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Vitamin intake reduce the risk of gastric cancer: meta-analysis and systematic review of randomized and observational studies.
PLoS One 2014; 9(12):e116060Plos

Abstract

AIM

The association between vitamin intake and gastric cancer (GC) has been widely debated due to the relatively weak evidence. In this study, a meta-analysis of prospective and well designed observational studies were performed to explore this association.

METHODS

MEDLINE, Cochrane Library, and Sciencedirect were searched for studies of vitamin consumption and gastric cancer. This produced 47 relevant studies covering 1,221,392 human subjects. Random effects models were used to estimate summary relative risk (RR). Dose-response, subgroup, sensitivity, meta-regression, and publication bias analyses were conducted.

RESULTS

The RR of gastric cancer in the group with the highest vitamin intake was compared to that of the lowest intake group. Total vitamin intake was 0.78 (95% CI, 0.71-0.83). In 9 studies that individuals were given doses at least 4 times above the tolerable upper intake (UL) vitamins, the RR was 1.20 (95% CI, 0.99-1.44). However, in 17 studies that individuals received doses below the UL, the RR was 0.76 (95% CI, 0.68-0.86). Dose-response analysis was conducted on different increments in different types of vitamins (vitamin A: 1.5 mg/day, vitamin C: 100 mg/day, vitamin E: 10 mg/day) intake with a significant reduction in the risk of gastric cancer, respectively, 29% in vitamin A, 26% in vitamin C, and 24% in vitamin E.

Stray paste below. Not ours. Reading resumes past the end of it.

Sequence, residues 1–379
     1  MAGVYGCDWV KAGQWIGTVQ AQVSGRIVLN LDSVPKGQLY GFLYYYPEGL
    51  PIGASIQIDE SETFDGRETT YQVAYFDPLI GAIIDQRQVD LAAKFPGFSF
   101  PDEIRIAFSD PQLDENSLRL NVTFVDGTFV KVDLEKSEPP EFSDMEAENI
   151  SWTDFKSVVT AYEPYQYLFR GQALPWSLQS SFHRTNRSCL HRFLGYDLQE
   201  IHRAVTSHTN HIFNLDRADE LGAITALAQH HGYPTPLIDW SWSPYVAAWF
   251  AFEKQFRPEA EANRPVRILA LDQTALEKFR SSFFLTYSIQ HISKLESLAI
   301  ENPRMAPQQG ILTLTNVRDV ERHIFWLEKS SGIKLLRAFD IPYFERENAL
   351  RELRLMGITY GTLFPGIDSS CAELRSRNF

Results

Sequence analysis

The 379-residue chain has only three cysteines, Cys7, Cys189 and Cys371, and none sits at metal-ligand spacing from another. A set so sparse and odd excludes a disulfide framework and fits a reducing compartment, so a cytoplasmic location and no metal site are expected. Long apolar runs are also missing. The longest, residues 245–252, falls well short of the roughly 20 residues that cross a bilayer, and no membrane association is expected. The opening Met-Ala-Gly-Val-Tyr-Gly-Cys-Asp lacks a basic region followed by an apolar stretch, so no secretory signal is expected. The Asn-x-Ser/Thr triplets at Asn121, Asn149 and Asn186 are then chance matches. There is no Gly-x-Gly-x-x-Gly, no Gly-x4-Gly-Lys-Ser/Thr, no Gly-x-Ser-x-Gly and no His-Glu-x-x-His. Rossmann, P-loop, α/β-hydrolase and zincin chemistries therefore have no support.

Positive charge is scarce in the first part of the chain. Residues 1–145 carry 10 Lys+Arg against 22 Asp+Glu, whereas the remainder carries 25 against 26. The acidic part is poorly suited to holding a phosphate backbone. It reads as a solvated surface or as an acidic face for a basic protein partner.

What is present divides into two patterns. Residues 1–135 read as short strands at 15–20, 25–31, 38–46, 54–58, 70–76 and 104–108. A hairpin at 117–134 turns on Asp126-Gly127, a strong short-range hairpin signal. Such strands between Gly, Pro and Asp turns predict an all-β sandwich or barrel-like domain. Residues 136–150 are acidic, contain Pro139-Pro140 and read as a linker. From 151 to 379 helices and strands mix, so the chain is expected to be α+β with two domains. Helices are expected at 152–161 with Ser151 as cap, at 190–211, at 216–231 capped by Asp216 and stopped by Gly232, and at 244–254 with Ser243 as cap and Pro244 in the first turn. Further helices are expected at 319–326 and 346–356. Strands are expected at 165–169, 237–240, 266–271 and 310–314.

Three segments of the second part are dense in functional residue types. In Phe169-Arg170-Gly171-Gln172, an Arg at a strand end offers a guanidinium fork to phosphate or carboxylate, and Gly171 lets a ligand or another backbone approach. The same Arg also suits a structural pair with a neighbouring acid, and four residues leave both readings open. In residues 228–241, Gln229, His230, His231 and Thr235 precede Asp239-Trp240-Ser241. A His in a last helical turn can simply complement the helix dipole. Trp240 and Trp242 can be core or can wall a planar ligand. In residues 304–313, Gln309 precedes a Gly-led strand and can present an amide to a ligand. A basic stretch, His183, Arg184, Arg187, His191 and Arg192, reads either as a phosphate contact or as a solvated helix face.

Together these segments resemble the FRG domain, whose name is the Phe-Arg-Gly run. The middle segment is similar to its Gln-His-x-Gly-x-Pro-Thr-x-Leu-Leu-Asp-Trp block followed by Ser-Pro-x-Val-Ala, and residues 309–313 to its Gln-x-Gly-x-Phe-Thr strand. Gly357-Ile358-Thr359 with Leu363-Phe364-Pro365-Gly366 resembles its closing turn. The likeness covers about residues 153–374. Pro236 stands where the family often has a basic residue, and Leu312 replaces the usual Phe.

CONCLUSION

This meta-analysis clearly demonstrated that low doses of vitamins can significantly reduce the risk of GC, especially vitamin A, vitamin C, vitamin E.

Authors+Show Affiliations

State Key Laboratory of Oncology in South China, Collaborative Innovation Center for Cancer Medicine, Guangzhou, China; Department of Gastric and Pancreatic Surgery, Sun Yat-sen University Cancer Center, Guangzhou, China.State Key Laboratory of Oncology in South China, Collaborative Innovation Center for Cancer Medicine, Guangzhou, China; Department of Medical Oncology, Sun Yat-sen University Cancer Center, Guangzhou, China.State Key Laboratory of Oncology in South China, Collaborative Innovation Center for Cancer Medicine, Guangzhou, China; Department of Hematology Oncology, Sun Yat-sen University Cancer Center, Guangzhou, China.State Key Laboratory of Oncology in South China, Collaborative Innovation Center for Cancer Medicine, Guangzhou, China; Department of Molecular Diagnosis, Sun Yat-sen University Cancer Center, Guangzhou, China.Department of Oncological Surgery, the first affiliated hospital of Bengbu medical college, Bengbu, China.State Key Laboratory of Oncology in South China, Collaborative Innovation Center for Cancer Medicine, Guangzhou, China; Department of Gastric and Pancreatic Surgery, Sun Yat-sen University Cancer Center, Guangzhou, China.State Key Laboratory of Oncology in South China, Collaborative Innovation Center for Cancer Medicine, Guangzhou, China; Department of Gastric and Pancreatic Surgery, Sun Yat-sen University Cancer Center, Guangzhou, China.

Pub Type(s)

Journal Article